To Entertain, Part Two: Open The Doors



"But entertaining isn't a sport or a competition. It's an act of love, if you let it be. You can twist it and turn it into anything you want - a way to show off your house, a way to compete with your friends, a way to earn love and approval. Or you can decide that every time you open your door, it's an act of love, not a performance. You can decide that every time people gather around your table, your goal is nourishment, not neurotic proving. You can decide."
-Shauna Niequist Bread & Wine: A Love Letter to Life Around the Table with Recipes

(continued from Part One) So I chose to stay.  But saying you'll stay and actually staying are two very different things. I did not realize this all at once, but it came to me in starts and snaps. After having lived as a bon vivant for a year, it was a new thing to think of weekends as times to be at home, or if not home, exploring closer to it than before. The first step in all of this was to commit to a church - something that had been on my heart the entire year and something that I deeply needed, both for the community and the accountability of a place to be looked for every Sunday. When I found my church, I began to serve there. It was now noticed when I took a Sunday off, because it meant that I had to ask someone else to fill my position. I became aware of what it means to spend every Sunday in a month arriving at the same place at the same time with the same people, serving the same children. Tuesday nights I stepped into the home of Charles and Wendy, a couple whose hospitality fed and strengthened us as we studied there. This tapestry of coming and going soothed me like the steady waves of the sea. This is home. This is home. This is home.

The six-dinner-parties-in-a-year gag was part of this "being planted" in one place. Being fed myself was not the point of all this staying, was it? I didn't want to just grow in my own right, but to grow alongside a wealth of other souls and to nourish them. "A wealth of other souls" takes time to curate, and effort. You have to open your hands and say, "Want to be friends?" And there is always the chance, though few people are so unresponsive, that the person facing you will shrug and turn away.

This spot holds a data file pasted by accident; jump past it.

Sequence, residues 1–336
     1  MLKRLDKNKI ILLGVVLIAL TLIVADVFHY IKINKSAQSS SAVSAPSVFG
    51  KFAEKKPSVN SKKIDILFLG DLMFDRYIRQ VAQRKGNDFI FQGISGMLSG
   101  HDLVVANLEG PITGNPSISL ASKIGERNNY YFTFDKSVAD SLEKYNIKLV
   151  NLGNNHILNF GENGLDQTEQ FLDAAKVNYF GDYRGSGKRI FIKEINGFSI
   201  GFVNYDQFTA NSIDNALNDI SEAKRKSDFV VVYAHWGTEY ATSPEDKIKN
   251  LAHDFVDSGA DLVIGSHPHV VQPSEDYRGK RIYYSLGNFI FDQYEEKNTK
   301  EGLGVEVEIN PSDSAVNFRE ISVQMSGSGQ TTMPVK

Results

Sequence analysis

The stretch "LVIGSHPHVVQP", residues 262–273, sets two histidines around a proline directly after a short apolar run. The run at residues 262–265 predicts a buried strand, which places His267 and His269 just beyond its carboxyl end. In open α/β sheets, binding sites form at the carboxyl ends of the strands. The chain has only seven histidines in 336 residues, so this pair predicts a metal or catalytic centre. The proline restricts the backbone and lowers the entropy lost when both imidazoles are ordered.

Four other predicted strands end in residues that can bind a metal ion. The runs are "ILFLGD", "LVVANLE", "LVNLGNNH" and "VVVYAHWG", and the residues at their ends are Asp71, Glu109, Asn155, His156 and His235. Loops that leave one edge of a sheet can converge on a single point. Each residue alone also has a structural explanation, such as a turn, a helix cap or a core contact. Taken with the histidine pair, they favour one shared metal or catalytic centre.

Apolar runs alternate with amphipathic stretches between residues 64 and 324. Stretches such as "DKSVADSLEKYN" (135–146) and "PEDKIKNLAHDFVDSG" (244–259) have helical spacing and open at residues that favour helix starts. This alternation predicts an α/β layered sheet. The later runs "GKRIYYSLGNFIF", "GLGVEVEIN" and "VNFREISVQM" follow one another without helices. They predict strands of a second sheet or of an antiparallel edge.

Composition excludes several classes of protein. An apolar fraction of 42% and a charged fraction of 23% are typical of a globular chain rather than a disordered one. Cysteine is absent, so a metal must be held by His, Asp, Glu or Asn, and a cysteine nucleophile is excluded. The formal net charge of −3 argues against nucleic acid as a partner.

I chose Valerie, a red-headed girl, as my first risk.

Valerie had been coming to Wendy's house every Tuesday night for as long as I had which, at the point she became my target, was only a handful of weeks. She, too, was new to our church. She had lived all over the world as a military brat and now taught theater at a private school. Her face always wore two bright red patches, as if she'd been smacked hard on either cheek. She sang funny songs and knew how to tap dance. She had copper-red hair and ready wit and an affable smile and I liked her immediately. Here, if anywhere, was a kindred spirit. As I drew up my guest list for the first party, I didn't know whether I should invite Valerie or not...she might think I was crazy for asking her to come to a party at my house. Especially since it would be limited to six or eight people, none of whom would she know. I lived an hour away from her. The party was scheduled for a school night. She had been fighting a cold when I had seen her on Tuesday. And so I almost didn't invite Valerie to my first, little dinner party. Yet I did, and Valerie's eyes filled with happiness and she clapped a small hand to her mouth as she told me that she was extremely glad I'd asked and that of course she would come. Relief shot through me - I had depended on Valerie's girlish sense of a good time to carry the mood through my other guests. Already I needed her, and I did not know it until she said "yes."